Prague resident Ioanna and her partner Karim, a Jordan native, spoke to Expats.cz about their struggle to reunite back in August. The couple had planned to move in together in April 2020, when Karim had a visa to enter the EU, but their plans were put on hold when the European Union closed its borders in March due to the coronavirus pandemic.

Ioanna and Karim in Turkey together after months of separation, holding up a sign with the hashtag #LoveIsNotTourism. Photo courtesy of the couple.
Ioanna and Karim in Turkey together after months of separation, holding up a sign with the hashtag #LoveIsNotTourism. Photo courtesy of the couple.

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Ioanna and Karim can't reunite under the "sweetheart visa" because Karim would need a visa to enter the European Union. When she applied for the visa, a representative wrote back and said that there was "no need to send any documents as your partner is not a holder of a Schengen visa."

Seeing Petříček's post this week came as a "slap on the face," Ioanna told Expats over messenger, especially given all the couple has had to go through.

"His post is very hypocritical because the email he chose to showcase is an exceptional case and doesn’t represent 99 percent of the couples," she said. "Nobody in a long distance relationship can provide joint lease or joint bank accounts and bills."

Ioanna and Karim in Turkey. Photo courtesy of the couple.
Ioanna and Karim in Turkey. Photo courtesy of the couple.

The couple has since been able to meet in Turkey, where both of them could travel with fewer restrictions. But they don't know when they will be able to see each other again, especially with further measures in place across the Czech Republic.

Ioanna isn't the only EU resident struggling with the limiting circumstances of the reunification process. Pierre Donat-Bouillud, a French native living in the Czech Republic, has been trying to reunite with his long-distance girlfriend Nastya Moscovaya, a Russian native, for months now.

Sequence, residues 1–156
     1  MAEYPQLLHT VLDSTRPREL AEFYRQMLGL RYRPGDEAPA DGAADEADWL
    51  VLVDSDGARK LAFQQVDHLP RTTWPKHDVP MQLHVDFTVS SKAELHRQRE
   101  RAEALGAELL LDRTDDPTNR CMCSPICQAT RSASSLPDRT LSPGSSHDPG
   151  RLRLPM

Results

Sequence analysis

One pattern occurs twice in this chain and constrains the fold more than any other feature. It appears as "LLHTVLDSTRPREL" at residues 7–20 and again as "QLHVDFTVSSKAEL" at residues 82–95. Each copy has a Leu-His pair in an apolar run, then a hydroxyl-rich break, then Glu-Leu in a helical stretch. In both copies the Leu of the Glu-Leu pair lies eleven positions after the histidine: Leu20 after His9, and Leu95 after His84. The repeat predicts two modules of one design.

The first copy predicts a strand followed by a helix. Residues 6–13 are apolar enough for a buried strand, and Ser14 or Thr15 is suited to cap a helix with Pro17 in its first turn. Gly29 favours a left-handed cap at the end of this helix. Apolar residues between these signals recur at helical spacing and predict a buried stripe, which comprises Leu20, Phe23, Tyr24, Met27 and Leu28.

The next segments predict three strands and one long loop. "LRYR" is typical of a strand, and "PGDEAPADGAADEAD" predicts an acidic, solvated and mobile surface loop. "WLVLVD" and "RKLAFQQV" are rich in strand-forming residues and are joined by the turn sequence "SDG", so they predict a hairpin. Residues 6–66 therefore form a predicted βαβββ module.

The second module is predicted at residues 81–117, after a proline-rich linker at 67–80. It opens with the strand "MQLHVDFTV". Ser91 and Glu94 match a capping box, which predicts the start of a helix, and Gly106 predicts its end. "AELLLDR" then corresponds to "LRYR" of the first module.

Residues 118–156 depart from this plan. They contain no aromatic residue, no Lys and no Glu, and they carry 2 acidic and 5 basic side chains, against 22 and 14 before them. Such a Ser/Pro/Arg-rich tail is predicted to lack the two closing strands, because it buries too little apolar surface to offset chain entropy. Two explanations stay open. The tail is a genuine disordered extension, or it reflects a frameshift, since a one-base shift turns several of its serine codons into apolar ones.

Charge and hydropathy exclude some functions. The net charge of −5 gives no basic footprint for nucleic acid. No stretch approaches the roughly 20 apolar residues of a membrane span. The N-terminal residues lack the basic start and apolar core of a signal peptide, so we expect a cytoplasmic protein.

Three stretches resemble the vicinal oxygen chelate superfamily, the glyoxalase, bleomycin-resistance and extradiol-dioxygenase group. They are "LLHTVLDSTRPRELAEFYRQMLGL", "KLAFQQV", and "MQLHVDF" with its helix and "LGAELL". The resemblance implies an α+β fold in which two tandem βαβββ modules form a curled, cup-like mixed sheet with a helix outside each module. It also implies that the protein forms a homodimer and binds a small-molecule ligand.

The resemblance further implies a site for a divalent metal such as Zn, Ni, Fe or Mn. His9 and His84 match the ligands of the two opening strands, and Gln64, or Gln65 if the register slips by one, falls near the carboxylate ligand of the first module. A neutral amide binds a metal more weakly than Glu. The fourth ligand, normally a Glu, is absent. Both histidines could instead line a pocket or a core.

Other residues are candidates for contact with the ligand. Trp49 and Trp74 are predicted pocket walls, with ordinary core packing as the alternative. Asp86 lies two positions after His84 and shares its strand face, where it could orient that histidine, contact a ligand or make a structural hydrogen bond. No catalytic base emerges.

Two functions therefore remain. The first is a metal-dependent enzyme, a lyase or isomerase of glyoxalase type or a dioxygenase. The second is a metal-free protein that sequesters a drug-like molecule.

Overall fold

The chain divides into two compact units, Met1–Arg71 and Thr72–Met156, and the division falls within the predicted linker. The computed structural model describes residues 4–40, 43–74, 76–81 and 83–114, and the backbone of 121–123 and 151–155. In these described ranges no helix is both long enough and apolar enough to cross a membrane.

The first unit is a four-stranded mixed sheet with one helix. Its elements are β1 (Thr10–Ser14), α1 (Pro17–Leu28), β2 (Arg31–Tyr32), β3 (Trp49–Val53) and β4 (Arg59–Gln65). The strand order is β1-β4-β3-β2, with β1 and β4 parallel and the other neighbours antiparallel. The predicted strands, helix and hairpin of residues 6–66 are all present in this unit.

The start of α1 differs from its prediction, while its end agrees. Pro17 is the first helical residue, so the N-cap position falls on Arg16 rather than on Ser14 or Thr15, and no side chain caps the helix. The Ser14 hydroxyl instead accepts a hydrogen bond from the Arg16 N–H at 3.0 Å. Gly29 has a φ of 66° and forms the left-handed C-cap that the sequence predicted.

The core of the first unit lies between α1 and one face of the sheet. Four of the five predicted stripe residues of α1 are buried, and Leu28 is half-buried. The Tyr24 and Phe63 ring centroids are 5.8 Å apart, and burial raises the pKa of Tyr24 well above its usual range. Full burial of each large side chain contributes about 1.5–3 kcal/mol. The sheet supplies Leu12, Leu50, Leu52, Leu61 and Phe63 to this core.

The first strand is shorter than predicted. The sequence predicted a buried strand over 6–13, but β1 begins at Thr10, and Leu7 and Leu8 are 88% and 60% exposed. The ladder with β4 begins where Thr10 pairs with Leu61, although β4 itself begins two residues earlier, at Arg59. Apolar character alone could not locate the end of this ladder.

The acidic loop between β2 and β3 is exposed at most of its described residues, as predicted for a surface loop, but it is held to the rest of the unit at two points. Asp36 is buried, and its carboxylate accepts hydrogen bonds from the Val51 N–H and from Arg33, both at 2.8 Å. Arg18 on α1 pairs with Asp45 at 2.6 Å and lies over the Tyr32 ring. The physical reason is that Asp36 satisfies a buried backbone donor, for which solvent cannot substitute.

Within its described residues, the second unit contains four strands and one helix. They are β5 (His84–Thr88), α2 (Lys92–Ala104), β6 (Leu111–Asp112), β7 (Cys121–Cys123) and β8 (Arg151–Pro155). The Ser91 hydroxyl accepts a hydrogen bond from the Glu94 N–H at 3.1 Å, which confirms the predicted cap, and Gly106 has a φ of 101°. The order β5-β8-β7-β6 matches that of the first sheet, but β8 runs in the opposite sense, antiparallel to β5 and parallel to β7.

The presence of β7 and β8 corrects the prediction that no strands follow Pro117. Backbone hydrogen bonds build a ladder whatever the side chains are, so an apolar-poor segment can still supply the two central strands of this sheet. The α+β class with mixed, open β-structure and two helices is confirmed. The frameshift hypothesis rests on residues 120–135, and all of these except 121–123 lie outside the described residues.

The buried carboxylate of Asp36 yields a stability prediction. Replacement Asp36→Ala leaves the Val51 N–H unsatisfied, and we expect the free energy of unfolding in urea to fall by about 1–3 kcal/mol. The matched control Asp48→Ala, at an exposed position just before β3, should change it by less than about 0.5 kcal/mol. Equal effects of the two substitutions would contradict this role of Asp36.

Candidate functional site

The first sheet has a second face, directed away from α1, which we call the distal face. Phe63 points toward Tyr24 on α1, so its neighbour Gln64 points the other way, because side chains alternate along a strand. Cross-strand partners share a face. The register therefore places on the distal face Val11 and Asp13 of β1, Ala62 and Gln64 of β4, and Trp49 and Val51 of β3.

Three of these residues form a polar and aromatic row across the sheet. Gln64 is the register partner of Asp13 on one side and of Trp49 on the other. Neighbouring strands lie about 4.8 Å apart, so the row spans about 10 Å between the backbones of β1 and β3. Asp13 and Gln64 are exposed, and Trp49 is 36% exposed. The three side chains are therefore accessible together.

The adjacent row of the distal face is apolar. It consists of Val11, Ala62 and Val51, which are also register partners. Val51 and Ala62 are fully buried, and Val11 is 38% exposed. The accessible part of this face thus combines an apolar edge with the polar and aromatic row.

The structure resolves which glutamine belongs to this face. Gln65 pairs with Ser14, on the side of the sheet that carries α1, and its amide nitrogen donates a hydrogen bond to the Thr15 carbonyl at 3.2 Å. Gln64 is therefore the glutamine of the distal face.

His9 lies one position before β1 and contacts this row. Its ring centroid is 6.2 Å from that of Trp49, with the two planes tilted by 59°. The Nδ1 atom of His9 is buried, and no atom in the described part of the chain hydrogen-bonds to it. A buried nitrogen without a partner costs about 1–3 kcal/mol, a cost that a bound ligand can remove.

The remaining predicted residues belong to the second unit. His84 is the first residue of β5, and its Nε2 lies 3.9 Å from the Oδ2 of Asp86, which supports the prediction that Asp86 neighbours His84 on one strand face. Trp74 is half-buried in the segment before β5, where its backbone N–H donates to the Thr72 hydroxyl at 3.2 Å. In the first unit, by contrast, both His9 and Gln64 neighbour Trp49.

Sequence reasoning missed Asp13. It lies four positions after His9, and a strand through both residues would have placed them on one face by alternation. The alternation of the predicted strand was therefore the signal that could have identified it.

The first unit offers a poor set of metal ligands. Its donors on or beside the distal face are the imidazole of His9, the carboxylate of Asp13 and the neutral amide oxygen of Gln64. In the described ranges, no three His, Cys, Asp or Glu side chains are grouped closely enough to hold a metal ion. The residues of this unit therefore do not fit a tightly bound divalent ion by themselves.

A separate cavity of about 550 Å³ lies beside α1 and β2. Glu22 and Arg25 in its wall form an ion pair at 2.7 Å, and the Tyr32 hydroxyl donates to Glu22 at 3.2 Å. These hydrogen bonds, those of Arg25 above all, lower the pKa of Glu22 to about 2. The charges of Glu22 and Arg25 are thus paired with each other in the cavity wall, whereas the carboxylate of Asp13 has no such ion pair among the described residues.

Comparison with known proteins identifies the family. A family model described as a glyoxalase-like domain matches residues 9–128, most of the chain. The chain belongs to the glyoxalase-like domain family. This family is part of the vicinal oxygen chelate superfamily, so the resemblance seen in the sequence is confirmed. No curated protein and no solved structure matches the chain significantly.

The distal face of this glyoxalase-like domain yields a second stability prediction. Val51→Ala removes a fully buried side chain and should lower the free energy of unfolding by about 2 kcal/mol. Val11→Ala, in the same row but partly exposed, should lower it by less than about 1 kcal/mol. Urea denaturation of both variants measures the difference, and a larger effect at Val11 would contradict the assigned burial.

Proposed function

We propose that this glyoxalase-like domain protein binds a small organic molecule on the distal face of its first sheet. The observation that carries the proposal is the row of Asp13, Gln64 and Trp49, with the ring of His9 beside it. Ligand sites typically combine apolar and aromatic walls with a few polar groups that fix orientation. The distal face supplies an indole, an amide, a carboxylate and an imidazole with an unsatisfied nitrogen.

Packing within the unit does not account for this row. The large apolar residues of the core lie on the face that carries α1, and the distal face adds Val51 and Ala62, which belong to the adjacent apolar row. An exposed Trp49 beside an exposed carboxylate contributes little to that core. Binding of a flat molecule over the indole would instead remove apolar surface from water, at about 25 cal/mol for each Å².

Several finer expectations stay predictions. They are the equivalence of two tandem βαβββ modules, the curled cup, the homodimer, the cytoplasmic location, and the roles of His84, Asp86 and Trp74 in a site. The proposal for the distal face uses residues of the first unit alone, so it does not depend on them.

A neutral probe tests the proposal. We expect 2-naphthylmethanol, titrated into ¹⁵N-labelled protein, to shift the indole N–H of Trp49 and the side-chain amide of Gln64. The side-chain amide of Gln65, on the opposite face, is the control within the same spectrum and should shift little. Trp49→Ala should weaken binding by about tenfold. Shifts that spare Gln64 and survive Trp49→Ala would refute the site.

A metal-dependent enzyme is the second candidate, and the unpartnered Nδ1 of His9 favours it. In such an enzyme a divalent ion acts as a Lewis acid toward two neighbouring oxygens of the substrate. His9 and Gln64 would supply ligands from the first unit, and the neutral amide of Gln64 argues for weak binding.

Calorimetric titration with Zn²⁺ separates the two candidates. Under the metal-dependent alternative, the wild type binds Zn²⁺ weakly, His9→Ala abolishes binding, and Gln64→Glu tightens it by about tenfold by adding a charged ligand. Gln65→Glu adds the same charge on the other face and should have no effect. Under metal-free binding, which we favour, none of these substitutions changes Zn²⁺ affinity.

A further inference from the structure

But because Nastya is a Russian citizen and would need a visa to enter the country, their claims have been denied.

Nastya and Pierre in Moscow, Russia, prior to the pandemic. Photo courtesy of the couple.
Nastya and Pierre in Moscow, Russia, prior to the pandemic. Photo courtesy of the couple.

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Apartment for rent, 2+kk - 1 bedroom, 57m<sup>2</sup>

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Apartment for rent, Flatshare, m<sup>2</sup>

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Příběnická, Praha 3 - Žižkov

Apartment for rent, 2+kk - 1 bedroom, 50m<sup>2</sup>

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Vlašská, Praha 1 - Malá Strana

Apartment for rent, 4+1 - 3 bedrooms, 150m<sup>2</sup>

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"The thing is I would not call these regulations a 'Sweetheart visa' as they explicitly exclude people who need to apply for a visa," Pierre told Expats.cz in an interview. "I don't understand why they prevent residents from a third-party country and partners needing a visa to enter but there is a pattern, isn't there?"

The pair has known each other for two years and they have been dating for one year. Under ordinary circumstances, Pierre and Nastya wouldn't go a month without seeing each other.

Nowadays, the couple talks and video chats regularly to keep in touch -- and they have even been able to meet up in Turkey, which has fewer restrictions for travelers.

But the hardest part for the Nastya and Pierre is not knowing when they may see each other again, despite their ongoing fight to reunite.

Nastya and Pierre reuniting in Turkey after months apart. Photo courtesy of the couple.
Nastya and Pierre reuniting in Turkey after months apart. Photo courtesy of the couple.

"I think the most difficult is not to know when we will meet again," Pierre added. "It's difficult to have projects as a couple like that."

The European Union has said before that they want to allow unmarried couples where one person is an EU resident to be able to reunite.

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"We have repeatedly asked European countries to allow unmarried couples to reunite," Ursula von der Leyen, president of the EU Commission, said on Twitter Thursday. Half of the EU member states have accepted the requested and allowed unmarried couples to reunite.

Von der Leyen vowed to continue to convince the other countries to allow couples to reunite.

In the meantime, couples continue to fight to reunite, sharing their stories online under the #LoveIsNotTourism hashtag.